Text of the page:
Cat watching a movieIn my last post I talked about how organizations can get employees to follow security advice. Today’s riff is on “making it personal.” Make security self-serving.  In other words, answer the question, “What’s in it for me?”  Corporate security is inextricably linked to personal privacy—here’s why.

We say we believe it is important to maintain privacy and confidentiality in our lives, yet we continue to broadcast seemingly every detail publicly:  where and when we are going on vacation, raves about our night out, the latest video of our dog/cat/hamster, links to yet more cute videos and self-help sites.

Our public selves

Every time we “share,” or “like,” or “tag,” we open another public window into our true selves. We click with abandon in our personal lives, easily spending hours on Facebook, Instagram, Twitter, and YouTube, clicking on ever more remote links from where we began.  As time passes, we don’t stop to think before we click, succumbing to pattern where the finger acts faster than the brain.  If you want to read a fictional—but not far from reality—account of such social media use taken to the extreme, check out The Circle, by David Eggers.  It’s a little too familiar to be comfortable.

Yet while two-thirds of us are not confident that records of our activity maintained by social media sites, search engine providers and online video sites remain private and secure (with 500 million good reasons for doubting), over ninety percent had not made any changes to Internet or cellphone use to avoid having activities tracked.  We’ve become complacent and resigned to giving up our privacy.

Not surprisingly, countless studies have confirmed that the greatest security risk in any organization is people, not technology. Indeed, in the most recent data breach report from Verizon a review of the percent of breaches per asset category shows that the “person asset” line continues to trend up year over year as the human asset continues to fall victim to phishing attacks, while server, media, and network assets continue to trend downward as security technology improves.

Why? Because we bring our personal selves and Internet habits into our organizations, and security suffers.  Either directly or indirectly, we allow our personal choices for password use, privacy controls, surfing behavior, and “click before you think” to bleed into our digital work lives.  Whether clicking on a spear-phishing link, or re-using a personal password at work, we put our organizations at risk, and ultimately ourselves.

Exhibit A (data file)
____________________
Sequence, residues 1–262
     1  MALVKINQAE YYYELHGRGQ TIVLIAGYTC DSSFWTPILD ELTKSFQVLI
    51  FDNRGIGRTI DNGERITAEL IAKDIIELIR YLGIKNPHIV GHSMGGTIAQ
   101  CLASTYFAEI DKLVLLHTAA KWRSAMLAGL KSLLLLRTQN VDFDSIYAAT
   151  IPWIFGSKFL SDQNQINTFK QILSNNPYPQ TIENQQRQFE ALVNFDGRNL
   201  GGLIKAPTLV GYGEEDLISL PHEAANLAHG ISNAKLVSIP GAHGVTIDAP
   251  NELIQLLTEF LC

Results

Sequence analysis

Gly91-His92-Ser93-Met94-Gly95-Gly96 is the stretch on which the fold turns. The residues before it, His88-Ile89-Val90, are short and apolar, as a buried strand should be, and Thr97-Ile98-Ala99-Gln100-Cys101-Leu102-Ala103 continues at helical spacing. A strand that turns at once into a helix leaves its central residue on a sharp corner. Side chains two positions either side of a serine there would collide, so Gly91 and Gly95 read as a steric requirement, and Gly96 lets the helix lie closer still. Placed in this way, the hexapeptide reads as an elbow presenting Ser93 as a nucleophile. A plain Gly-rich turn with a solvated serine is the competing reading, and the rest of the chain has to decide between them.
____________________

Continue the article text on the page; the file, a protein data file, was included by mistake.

It’s not enough to be aware, you need to be alert

The answer to “What’s in it for me?” is better personal privacy and security, as well as improved organizational security. To paraphrase an old aphorism, “rising attentiveness floats all boats.”

As individuals take affirmative steps to improve and monitor their personal security on-line, the trickle-down effect heightens their attention to organizational security and minimizes the fodder available for spear-phishing, credential compromise, or other targeted intrusion attempts.

Things we can do for ourselves, and ultimately for our organizations:

  • Never, ever, use the same passwords for work and personal use
  • Use complex user names, not simply your real name or e-mail address
  • Clear cookies or browsing history
  • Refuse to provide information that isn’t relevant to a transaction
  • Decide not to use a website if it requests personal information
  • Think before you click—on links, on websites, on ads, on “friend” requests
  • If you do office work on your home computer, sanctioned or not, be sure you have the most up-to-date browsers and anti-virus software
  • Don’t use free public-access wi-fi, which makes you particularly vulnerable to password theft

There is already a wealth of publicly-available information available the Internet, and it’s a short leap from what may be an innocuous admission to an open invitation for mischief. Don’t make it easy.  Don’t add to the data pile.  Your organization will thank you.